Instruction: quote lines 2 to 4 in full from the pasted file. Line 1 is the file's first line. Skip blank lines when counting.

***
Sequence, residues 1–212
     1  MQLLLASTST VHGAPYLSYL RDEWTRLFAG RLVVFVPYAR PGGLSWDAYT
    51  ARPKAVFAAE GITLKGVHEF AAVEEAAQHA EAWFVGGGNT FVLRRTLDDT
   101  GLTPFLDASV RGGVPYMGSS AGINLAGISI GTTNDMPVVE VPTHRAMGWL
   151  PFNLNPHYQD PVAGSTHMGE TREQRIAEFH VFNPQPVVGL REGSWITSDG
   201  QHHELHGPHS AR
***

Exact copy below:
     1  MQLLLASTST VHGAPYLSYL RDEWTRLFAG RLVVFVPYAR PGGLSWDAYT
    51  ARPKAVFAAE GITLKGVHEF AAVEEAAQHA EAWFVGGGNT FVLRRTLDDT
   101  GLTPFLDASV RGGVPYMGSS AGINLAGISI GTTNDMPVVE VPTHRAMGWL